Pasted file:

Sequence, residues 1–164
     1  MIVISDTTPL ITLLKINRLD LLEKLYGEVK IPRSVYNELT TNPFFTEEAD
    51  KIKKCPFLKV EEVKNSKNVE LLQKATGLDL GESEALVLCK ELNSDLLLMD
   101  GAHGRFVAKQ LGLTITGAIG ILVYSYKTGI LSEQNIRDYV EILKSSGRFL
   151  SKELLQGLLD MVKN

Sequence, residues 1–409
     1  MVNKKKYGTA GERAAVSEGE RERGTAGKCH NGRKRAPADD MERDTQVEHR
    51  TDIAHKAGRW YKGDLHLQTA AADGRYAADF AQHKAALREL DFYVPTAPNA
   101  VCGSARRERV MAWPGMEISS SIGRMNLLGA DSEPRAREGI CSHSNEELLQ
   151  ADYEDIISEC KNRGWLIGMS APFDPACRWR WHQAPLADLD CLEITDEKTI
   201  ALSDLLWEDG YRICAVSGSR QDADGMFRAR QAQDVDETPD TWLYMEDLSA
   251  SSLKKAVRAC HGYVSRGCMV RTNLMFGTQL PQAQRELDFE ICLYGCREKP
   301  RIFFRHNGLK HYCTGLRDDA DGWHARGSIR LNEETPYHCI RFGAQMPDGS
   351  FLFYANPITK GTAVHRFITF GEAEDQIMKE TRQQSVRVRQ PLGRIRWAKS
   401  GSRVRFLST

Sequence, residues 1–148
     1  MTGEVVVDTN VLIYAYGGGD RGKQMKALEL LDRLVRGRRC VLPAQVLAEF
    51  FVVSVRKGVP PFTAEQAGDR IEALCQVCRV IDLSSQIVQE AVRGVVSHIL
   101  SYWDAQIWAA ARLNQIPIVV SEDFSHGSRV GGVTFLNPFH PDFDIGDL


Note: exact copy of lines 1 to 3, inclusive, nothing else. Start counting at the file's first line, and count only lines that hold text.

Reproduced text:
Sequence, residues 1–164
     1  MIVISDTTPL ITLLKINRLD LLEKLYGEVK IPRSVYNELT TNPFFTEEAD
    51  KIKKCPFLKV EEVKNSKNVE LLQKATGLDL GESEALVLCK ELNSDLLLMD